Even as the government helps small and medium businesses and those employed by them, they must also pay attention to participants in the informal economy, fellow citizens who cannot stay at home since it will affect their daily income – quite literally their family’s daily bread. For these poorer Gambians, the Barrow government must look into a range of interventions, such as offering a temporary aid package that can help them tide over the current crisis. 

Irrespective of what protocols they implement, we cannot allow these to affect the poor further and marginalized within our society. They need and deserve the utmost support from their government.

However, government officials think that preparing for a broader Coronavirus outbreak is a secret they have to keep for their benefit. Nobody is talking about medical infrastructure or what the mechanics of a total lockdown could look like. 

Furthermore, when the going gets tough, they dump returning citizens in a hotel for self-isolation that are entirely not suitable for a medical facility. The Coronavirus threatens to overwhelm the Gambia’s health care system with too few ventilators and insufficient quarantines centers in all regions worth the name, except we must go to the Golden Beach Hotel in the Greater Banjul.

In turn, the coronavirus pandemic, the tourism industry has taken a devastating hit as travel restrictions everywhere, and coronavirus fears take their toll. Tourism is effectively at a standstill, and even domestic tourism has dried up. Operators are devastated because many have been running their businesses through loans from banks and investors. 

Of course, when businesses suffer, the government collects less corporate tax as well, leaving itself less well-equipped to find the resources to bail businesses out. 

However, the nettle must be grasped. If the Gambian economy is not to go under altogether, serious relief measures are needed to buffer the shock being felt by individuals and companies throughout the country.

Absence in President Barrow’s speech of calling poverty drenched psychologically unprepared Gambian, whose only crime is seeking their daily bread. The government cannot understand this desperation because their approach is elitist. What is the incentive for someone living in the informal sector to self-quarantine? What have they not seen? What is their incentive to live and see another day?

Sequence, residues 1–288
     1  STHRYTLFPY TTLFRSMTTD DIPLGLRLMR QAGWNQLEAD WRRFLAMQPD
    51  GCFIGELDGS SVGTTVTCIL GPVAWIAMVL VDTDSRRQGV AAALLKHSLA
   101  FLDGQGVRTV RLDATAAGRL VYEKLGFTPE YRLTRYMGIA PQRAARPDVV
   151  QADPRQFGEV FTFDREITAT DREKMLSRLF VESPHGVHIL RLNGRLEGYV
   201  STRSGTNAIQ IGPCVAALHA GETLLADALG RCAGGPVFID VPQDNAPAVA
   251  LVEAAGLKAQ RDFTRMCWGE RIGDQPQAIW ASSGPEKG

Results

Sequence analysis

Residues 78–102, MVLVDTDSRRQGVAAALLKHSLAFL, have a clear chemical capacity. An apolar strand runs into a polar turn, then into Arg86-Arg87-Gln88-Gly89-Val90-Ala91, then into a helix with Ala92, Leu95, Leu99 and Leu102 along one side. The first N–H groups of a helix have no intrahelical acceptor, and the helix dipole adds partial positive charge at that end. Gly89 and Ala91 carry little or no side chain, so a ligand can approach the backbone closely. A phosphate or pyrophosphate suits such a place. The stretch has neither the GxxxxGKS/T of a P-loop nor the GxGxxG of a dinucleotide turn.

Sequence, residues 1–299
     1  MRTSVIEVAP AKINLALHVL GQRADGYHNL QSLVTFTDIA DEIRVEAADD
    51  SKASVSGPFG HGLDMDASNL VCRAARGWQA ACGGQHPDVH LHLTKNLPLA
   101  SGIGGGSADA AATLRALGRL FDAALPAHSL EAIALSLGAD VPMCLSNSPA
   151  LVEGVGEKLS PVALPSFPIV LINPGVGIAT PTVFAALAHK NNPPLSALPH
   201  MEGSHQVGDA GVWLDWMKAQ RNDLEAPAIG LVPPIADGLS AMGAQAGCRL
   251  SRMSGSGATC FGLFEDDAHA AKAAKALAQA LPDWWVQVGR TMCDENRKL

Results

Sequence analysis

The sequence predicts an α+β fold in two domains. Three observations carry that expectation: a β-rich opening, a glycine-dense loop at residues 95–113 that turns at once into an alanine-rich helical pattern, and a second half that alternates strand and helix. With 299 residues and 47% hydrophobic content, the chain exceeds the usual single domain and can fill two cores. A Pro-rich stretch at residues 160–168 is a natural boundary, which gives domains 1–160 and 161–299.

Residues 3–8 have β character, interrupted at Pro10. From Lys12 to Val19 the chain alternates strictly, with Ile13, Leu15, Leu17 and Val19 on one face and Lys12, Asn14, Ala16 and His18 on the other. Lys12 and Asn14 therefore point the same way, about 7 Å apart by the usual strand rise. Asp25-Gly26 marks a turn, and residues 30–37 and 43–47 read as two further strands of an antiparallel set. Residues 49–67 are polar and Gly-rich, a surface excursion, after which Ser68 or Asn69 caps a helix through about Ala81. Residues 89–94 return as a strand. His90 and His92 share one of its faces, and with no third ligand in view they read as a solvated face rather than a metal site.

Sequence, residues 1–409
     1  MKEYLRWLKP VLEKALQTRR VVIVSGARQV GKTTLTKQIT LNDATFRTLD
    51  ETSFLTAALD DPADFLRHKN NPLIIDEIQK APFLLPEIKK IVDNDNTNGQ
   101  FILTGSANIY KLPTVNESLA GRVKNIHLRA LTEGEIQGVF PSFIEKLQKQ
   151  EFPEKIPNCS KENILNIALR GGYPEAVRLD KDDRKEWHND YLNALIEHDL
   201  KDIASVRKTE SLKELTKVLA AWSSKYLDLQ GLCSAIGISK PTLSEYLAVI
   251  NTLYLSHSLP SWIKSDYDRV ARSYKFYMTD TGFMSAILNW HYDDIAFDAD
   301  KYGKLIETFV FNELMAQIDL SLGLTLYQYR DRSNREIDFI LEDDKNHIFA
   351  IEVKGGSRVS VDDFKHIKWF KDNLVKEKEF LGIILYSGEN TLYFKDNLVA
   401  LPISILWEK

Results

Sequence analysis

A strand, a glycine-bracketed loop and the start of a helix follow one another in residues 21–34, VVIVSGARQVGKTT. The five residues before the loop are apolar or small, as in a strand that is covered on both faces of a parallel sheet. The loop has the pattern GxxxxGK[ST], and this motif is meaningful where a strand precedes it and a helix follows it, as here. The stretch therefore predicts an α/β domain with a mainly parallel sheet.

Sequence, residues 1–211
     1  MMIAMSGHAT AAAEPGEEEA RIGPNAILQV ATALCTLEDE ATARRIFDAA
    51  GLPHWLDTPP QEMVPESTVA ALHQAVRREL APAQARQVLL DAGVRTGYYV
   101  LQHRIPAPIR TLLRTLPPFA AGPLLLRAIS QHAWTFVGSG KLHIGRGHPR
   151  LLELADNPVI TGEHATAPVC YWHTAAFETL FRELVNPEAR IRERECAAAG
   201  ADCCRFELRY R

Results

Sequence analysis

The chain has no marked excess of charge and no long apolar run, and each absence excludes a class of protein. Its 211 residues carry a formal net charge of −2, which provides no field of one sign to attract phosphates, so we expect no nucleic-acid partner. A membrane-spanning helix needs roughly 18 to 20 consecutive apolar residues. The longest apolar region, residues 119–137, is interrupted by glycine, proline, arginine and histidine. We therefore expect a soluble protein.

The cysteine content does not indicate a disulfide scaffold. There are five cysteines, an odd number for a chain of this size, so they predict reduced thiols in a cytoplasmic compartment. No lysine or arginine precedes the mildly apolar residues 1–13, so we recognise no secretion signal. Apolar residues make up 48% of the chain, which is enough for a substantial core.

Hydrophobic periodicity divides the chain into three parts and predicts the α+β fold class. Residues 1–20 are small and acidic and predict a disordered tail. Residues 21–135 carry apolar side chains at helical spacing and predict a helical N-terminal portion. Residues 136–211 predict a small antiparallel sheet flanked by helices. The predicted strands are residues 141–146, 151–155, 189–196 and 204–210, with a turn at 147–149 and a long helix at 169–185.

Poverty is desperate like without asking what their government is doing for the most vulnerable in society. Not knowing that an extended drawn total lockdown can lead to social upheaval, unrest, and insecurity, so that they may never enjoy the contents of the “full fridge” in peace. 

In President Barrow’s half baked announcements that he has released money GMD 500 million – to the Health Department for the coronavirus outbreak, for what use and for whose benefit? – realized from the recent demonetization exercise. If the government is not ready with an announcement in a structured manner, do not make it!

An angry government, giving stark warnings to business communities and supermarkets for increasing prices of essential commodities, but they go-ahead to do so. We are conflicted about leadership. The same supermarkets also buy from entities owned by very senior members of the executive.

Insane countries, once one becomes a senior member of the executive, cease to do business with the government. Ongoing business interests are placed in a blind trust, where the government official is prohibited from running day to day affairs.

Suppose the Gambia’s Coronavirus numbers grow beyond one thousand nobodies is speaking about expanding Intensive Care Units(ICU) facilities and ramping up medical equipment available, including ventilators by, for example, the potential of temporarily “nationalizing” private hospitals, etc. 

Nobody is preparing the public for that possibility. This is about purposeful, practical action, and vision led scenario building led by dedicated leadership, devoid of empty Public Relation excitement.

Everything rises and falls on leadership. If we do all this, with the wealth of capable experts directing the Gambia’s initiatives as well as the steadfast resoluteness that Gambians have historically displayed in challenging times, together, as a nation, we can and shall overcome even the current crisis.

By Alagi Yorro Jallow